ICELAND, August 15, 2017 (LifeSiteNews) – A new report from CBS News details how 100 percent of babies in Iceland who are diagnosed with Down syndrome prenatally are aborted.
This has “almost completely eliminated Down syndrome births since the test began in the early 2000s,” Elaine Quijano of CBS explained. She interviewed an abortion counselor, an Icelandic scientist, and the mothers of children with Down syndrome.
She also interviewed an Icelandic woman who has Down syndrome.
People “just see Downs. They don’t see me,” she told Quijano. “It doesn’t feel good. I want people to see that I am just like everybody else.”
In 2009, only three babies with Down syndrome were born in Iceland. Only one mom in the entire country has two children with Down syndrome. She lives in Hellissandur, on the northern coast.
“Yes, of course” some women express guilt at aborting their disabled babies, the abortion counselor told Quijano. The pro-abortion counselor showed her a prayer card with the footprints of an aborted baby. Parents can keep these footprints and prayer cards as a memento of their aborted child.
She said she tells women, “This is your life. You have the right to choose how your life will look like.”
“We don’t look at abortion as murder,” she continued. “We look at it as a thing that we ended. We ended a possible life that may have had huge complications.” It is “preventing suffering for the child and also the family.”
“The media sell this little three-year-old, nice cute one,” the abortion counselor continued. “But you have to look at Down syndrome as a spectrum. You have this little cute one who was Down syndrome … and then we have people who [have] Down syndrome plus lots of other complication[s].”
She said she sees life’s moral decisions as “gray” rather than “black and white.”
The Icelandic mother of a young child with Down syndrome asked Quijano, “What kind of society do you want to live in?”
One expectant mom told Quijano she decided to forgo the test because “it wouldn’t make a difference, actually.” She said she works with autistic children and has a brother-in-law who has Down syndrome. “I think it’s just horrible, the statistics.”
The CBS report pointed out that the country’s socialized healthcare system requires doctors to tell women about the option of prenatal testing for genetic defects.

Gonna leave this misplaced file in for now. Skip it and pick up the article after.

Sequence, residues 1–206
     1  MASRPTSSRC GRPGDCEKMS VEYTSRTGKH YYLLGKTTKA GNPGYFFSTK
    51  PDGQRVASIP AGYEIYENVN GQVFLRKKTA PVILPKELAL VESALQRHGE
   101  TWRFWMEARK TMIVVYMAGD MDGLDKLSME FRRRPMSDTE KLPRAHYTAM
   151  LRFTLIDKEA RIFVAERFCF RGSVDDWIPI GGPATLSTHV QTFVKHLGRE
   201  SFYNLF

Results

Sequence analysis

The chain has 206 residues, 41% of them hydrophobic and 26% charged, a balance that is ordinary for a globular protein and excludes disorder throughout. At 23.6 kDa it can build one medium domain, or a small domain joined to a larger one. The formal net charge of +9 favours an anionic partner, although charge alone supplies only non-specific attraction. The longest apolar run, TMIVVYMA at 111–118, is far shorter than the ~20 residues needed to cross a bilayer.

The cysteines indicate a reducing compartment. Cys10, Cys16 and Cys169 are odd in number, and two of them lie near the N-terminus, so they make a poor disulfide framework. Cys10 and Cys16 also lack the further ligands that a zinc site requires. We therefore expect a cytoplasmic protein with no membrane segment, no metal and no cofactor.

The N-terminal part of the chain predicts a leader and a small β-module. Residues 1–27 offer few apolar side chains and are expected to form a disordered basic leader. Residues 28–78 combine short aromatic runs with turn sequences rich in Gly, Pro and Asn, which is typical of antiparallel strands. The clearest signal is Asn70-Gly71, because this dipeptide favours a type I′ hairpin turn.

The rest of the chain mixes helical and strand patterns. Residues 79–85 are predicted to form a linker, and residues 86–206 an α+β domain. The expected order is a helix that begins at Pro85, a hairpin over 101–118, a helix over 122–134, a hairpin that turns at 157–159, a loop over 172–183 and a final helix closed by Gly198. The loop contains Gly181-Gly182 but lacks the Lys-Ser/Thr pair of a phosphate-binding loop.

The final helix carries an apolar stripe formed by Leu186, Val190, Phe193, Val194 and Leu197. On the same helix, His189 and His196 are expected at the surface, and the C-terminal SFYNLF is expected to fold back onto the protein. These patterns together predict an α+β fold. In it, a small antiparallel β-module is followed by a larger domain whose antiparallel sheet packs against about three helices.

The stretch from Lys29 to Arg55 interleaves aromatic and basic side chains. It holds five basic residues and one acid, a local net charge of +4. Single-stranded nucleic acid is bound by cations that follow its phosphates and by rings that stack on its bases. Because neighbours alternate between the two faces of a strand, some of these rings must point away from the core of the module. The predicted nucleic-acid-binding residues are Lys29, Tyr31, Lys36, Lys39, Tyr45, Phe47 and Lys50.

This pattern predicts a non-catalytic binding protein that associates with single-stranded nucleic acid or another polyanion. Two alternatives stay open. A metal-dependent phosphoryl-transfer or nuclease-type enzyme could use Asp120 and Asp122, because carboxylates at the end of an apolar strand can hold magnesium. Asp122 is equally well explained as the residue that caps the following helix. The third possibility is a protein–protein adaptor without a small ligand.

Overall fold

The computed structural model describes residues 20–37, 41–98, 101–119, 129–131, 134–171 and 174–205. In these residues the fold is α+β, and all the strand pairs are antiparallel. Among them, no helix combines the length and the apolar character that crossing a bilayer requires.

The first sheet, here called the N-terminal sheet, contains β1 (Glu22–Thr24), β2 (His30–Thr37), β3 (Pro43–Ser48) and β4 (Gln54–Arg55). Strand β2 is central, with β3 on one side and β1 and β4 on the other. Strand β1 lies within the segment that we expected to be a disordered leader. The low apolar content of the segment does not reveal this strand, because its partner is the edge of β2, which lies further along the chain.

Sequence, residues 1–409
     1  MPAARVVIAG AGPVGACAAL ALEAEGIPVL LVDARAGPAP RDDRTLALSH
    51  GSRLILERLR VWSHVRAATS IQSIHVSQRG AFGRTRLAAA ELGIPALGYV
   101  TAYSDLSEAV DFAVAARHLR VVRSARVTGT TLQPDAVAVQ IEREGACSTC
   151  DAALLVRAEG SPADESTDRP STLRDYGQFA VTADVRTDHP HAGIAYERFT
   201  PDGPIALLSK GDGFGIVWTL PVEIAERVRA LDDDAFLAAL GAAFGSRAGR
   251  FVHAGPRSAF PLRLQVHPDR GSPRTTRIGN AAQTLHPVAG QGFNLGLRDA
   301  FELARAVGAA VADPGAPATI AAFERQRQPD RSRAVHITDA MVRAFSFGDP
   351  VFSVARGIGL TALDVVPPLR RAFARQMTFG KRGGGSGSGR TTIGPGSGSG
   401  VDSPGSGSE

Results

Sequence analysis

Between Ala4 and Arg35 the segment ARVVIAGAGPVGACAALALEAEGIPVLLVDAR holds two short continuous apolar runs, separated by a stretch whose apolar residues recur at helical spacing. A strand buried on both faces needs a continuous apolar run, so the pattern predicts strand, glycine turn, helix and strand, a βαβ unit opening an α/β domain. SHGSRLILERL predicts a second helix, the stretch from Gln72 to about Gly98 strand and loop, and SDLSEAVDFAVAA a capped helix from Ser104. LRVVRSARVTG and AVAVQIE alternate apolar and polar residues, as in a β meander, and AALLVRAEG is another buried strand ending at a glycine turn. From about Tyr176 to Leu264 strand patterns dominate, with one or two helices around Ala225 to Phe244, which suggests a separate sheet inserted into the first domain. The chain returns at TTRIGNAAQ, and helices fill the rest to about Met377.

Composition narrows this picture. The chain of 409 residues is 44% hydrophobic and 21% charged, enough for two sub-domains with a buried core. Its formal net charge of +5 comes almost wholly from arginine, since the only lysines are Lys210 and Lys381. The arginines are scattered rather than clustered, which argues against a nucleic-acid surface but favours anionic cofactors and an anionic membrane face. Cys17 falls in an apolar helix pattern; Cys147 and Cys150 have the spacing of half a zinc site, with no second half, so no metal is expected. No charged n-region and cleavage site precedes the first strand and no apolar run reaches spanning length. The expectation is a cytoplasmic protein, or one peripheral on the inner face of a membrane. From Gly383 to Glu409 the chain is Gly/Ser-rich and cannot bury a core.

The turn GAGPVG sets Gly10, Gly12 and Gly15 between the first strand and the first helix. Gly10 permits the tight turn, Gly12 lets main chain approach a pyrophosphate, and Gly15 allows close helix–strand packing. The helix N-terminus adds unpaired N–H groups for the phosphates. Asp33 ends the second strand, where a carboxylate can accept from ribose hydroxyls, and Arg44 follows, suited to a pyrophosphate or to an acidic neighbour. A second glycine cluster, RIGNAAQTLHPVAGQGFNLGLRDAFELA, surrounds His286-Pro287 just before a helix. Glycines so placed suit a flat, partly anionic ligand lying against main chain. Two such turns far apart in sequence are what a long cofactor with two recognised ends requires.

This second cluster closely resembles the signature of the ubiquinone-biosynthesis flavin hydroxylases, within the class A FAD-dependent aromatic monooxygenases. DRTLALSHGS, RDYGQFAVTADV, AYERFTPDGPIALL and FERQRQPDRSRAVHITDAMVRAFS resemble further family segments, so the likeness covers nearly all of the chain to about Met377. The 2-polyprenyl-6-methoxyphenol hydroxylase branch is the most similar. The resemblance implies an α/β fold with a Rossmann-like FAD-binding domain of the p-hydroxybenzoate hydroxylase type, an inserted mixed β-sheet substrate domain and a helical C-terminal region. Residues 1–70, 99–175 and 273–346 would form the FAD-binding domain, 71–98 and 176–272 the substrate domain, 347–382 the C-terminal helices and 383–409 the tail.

There is “some truth” to the notion that informing women of this steers them toward abortion, a technician who does the prenatal tests said. “Obviously, if you didn’t mention it, then you wouldn’t be thinking about it.”
“My heart breaks for the innocent babies aborted in Iceland because society has deemed certain people undeserving of life,” Kristan Hawkins, president of Students for Life of America, told LifeSiteNews. “My children with genetic disabilities are loved and valued the same as my children without. I pray this report will wake up the people of Iceland to the discriminatory killing occurring amongst them. I pray they wake up before even more human beings fall victim to this disgusting mindset.”
Penny Nance, president and CEO of Concerned Women for America, the nation’s largest women’s public policy organization, said this is an example of eugenics.
“Iceland sounds like they are proud of the fact that they’ve killed nearly all unborn babies that had an in-utero diagnosis of Down syndrome. This is not a medical advancement,” said Nance. “This is eugenics and barbarianism at best. These individuals have no less worth than anyone else.”
“What is the next headline going to be?” asked Nance. “That a certain country has eradicated all females. Oh wait, China has already been down that road. There is no limit to this train of thought of devaluing human life.”
Actress Patricia Heaton blasted the notion that Iceland is eliminating Down syndrome, noting they’re just “killing” everyone who has it.
Popular blogger Matt Walsh called those perpetuating the abortion of Down syndrome babies “degenerate Nazis.”
Former U.S. presidential candidate Sen. Ted Cruz, R-Texas, weighed in, as did media critics and other pro-life activists.
The CBS report noted that Denmark trails Iceland with a 98 percent abortion rate for babies diagnosed with Down syndrome and that it is a trend throughout Europe. Abortion rates for Down syndrome babies in the U.S. are slightly lower but still well above 50 percent.